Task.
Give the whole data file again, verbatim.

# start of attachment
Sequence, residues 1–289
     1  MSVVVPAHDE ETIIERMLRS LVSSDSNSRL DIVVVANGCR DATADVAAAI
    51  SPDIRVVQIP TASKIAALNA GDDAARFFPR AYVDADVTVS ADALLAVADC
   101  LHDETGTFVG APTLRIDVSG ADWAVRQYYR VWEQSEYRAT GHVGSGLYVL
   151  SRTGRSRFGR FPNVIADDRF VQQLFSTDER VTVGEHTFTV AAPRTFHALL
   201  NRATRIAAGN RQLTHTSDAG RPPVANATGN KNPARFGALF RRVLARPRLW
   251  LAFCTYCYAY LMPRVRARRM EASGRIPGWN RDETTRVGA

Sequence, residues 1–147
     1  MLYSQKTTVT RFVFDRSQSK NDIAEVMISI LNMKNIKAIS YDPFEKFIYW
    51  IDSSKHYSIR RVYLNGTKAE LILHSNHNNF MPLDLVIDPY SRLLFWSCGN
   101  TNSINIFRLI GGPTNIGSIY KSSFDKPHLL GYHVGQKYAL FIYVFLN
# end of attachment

Sequence, residues 1–289
     1  MSVVVPAHDE ETIIERMLRS LVSSDSNSRL DIVVVANGCR DATADVAAAI
    51  SPDIRVVQIP TASKIAALNA GDDAARFFPR AYVDADVTVS ADALLAVADC
   101  LHDETGTFVG APTLRIDVSG ADWAVRQYYR VWEQSEYRAT GHVGSGLYVL
   151  SRTGRSRFGR FPNVIADDRF VQQLFSTDER VTVGEHTFTV AAPRTFHALL
   201  NRATRIAAGN RQLTHTSDAG RPPVANATGN KNPARFGALF RRVLARPRLW
   251  LAFCTYCYAY LMPRVRARRM EASGRIPGWN RDETTRVGA

Sequence, residues 1–147
     1  MLYSQKTTVT RFVFDRSQSK NDIAEVMISI LNMKNIKAIS YDPFEKFIYW
    51  IDSSKHYSIR RVYLNGTKAE LILHSNHNNF MPLDLVIDPY SRLLFWSCGN
   101  TNSINIFRLI GGPTNIGSIY KSSFDKPHLL GYHVGQKYAL FIYVFLN